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Supernatural Debt Cancellation
These were three words I had never heard together until yesterday. They were the promised result, a gift from the Lord. Of course, you had to call in and request your Miracle Spring Water to open the path for the Lord. (I’m sure the call center is instructed to “offer callers the opportunity to donate to the ministry.) I watched this informercial in stunned silence before I started to rant. I suddenly felt like the spokesperson for the hoodwinked, the innocent, the snookered. This was an outrage. An abomination served upon those least able to watch out for themselves under the guise of religion. God was being used.
Last Saturday, our family reenacted our own version of The Caine Mutiny. No strawberries, no ball bearings only a trip to the recycling center. That trip became the focal point of much drama.
Earlier in the day, we’d worked the fine crew of the USS Sturgeon at the reverse vending machines over in Portland. The lure of the return deposit offered in Oregon found our ship of intrepid adventurers sailing across the river driven by the promise of monetary return. Sadly, return deposit isn’t what it used to be.
Since I was asked to add a bit more to my recent short story, I’m doing so here.
The original story is found on the tabs at the top of this blog.
If Rose could live her life over again, there were many things she would do differently. Living again was not an option. Rose was surprised at how easy it was to die. Dying wasn’t hard. It was the living that had been hard.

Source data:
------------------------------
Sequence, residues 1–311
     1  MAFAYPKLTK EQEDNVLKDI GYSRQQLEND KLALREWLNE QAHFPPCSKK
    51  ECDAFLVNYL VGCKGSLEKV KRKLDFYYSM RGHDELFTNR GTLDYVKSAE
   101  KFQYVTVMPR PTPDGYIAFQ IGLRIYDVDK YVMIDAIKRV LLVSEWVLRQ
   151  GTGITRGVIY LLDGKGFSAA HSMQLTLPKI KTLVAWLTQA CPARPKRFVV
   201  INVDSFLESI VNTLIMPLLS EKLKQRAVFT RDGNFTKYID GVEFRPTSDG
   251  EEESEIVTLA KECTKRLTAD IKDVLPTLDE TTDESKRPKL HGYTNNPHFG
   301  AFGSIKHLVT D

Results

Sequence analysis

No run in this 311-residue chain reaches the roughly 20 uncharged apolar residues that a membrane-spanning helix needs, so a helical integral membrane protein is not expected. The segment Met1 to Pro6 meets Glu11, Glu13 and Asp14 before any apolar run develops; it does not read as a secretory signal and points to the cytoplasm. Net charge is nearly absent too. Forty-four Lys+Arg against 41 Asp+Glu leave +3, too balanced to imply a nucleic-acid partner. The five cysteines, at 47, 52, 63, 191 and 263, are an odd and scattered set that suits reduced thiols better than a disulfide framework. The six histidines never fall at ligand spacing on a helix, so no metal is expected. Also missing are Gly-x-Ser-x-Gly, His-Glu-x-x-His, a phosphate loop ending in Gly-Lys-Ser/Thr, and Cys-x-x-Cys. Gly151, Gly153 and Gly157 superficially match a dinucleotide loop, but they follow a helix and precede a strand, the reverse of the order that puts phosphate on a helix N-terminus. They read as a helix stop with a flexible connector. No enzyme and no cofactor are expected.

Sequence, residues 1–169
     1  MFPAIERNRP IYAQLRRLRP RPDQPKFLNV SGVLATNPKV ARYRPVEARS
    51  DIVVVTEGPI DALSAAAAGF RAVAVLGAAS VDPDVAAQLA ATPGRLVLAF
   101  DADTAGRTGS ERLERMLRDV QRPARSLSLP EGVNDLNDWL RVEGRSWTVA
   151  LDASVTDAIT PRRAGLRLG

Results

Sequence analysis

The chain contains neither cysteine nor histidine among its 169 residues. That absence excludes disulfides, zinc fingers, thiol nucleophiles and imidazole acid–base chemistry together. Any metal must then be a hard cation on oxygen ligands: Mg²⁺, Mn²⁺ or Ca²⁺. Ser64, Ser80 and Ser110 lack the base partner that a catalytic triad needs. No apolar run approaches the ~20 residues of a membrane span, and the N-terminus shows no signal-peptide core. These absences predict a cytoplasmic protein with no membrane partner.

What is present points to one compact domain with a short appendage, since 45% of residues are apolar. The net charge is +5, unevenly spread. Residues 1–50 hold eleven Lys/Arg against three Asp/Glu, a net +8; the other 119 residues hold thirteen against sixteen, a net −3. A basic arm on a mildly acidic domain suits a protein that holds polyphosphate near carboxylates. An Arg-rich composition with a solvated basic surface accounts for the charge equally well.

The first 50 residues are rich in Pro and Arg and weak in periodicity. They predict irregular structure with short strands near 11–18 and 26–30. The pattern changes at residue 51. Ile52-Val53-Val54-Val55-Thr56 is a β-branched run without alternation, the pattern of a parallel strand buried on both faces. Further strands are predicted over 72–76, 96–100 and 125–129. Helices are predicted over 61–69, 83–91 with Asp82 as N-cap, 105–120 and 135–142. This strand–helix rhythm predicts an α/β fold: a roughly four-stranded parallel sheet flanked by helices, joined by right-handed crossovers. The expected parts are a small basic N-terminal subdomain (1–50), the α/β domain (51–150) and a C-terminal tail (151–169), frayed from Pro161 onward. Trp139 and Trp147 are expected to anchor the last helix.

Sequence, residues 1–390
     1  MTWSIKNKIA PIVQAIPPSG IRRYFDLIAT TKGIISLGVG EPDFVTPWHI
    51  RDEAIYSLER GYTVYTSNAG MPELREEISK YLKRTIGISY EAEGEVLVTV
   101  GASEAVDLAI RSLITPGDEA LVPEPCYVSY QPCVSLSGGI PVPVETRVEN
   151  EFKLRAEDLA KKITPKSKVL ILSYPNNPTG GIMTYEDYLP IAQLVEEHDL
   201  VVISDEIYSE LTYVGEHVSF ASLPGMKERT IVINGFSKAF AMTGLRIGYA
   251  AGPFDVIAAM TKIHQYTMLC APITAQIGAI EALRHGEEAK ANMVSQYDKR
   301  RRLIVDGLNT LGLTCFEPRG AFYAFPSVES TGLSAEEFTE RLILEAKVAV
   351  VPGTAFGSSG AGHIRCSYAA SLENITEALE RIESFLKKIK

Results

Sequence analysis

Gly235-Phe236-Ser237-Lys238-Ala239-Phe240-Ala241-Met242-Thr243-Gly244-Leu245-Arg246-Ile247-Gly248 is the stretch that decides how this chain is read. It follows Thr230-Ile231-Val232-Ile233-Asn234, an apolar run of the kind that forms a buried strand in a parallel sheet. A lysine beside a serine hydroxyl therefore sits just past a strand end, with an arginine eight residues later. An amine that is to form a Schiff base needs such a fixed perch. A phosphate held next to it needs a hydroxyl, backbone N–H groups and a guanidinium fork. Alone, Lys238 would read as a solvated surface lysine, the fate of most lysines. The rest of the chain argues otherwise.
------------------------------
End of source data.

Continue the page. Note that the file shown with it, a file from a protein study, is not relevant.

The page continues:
Life slowly left her body. She no longer had the energy to keep her eyes open but she knew what was going on in the room around her. She could hear the ticking of the clock and her sons breathing punctuated by the occasional heavy sigh. She felt for her sons. This was much harder on them than it was on her.
(A January 2011 happy snap. The photo has nothing to do with the entry. It is provided here as mere “eye candy.”)
Today, in a freshman English class, the students were supposed to draft a set of rules they live by similar to the rules Sherman Alexie lists in The Absolutely True Diary of a Part-time Indian. (Alexie’s website can be found here: http://www.fallsapart.com/index) Of course, I couldn’t resist doing the assignment as well. Once a nerd, always a nerd. (Lest, you think this self depreciating, I actually celebrate my nerdyness!)
As I stood under the eaves and waited for the dog to relieve herself in the dark, cold rain, I realized something. I’ve been trying to hard. While there is no doubt that there are many areas of my life in which I could do more and try harder, I wasn’t thinking of that kind of perseverance. This trying-too-hard isn’t visible in the tangible, physical sense. This trying-too-hard is mental and done within the space between my ears. It is attitude, pure and simple, and it is my attitude that often makes me feel miserable.
Before I had time to really sit with this thought and write it out, I checked e-mails and found this quote at the end of a post over at Kindovermatter.com. JoAnn Rothman writes,
“Stop thinking about what you are meant to do and start thinking about what you want to do. That is the way to live your purpose. “
After my recent bout of “Wrestlemania” with problems that often defy solution, I’ve taken a mental vacation. While a major case of disassociation in which I assume a new identity and new life in some vague and mysterious fit of amnesia tempts me more than I can express. It simply is not that easy to lose my marbles that completely. I’ve tried. Not easy. Been there. Done that.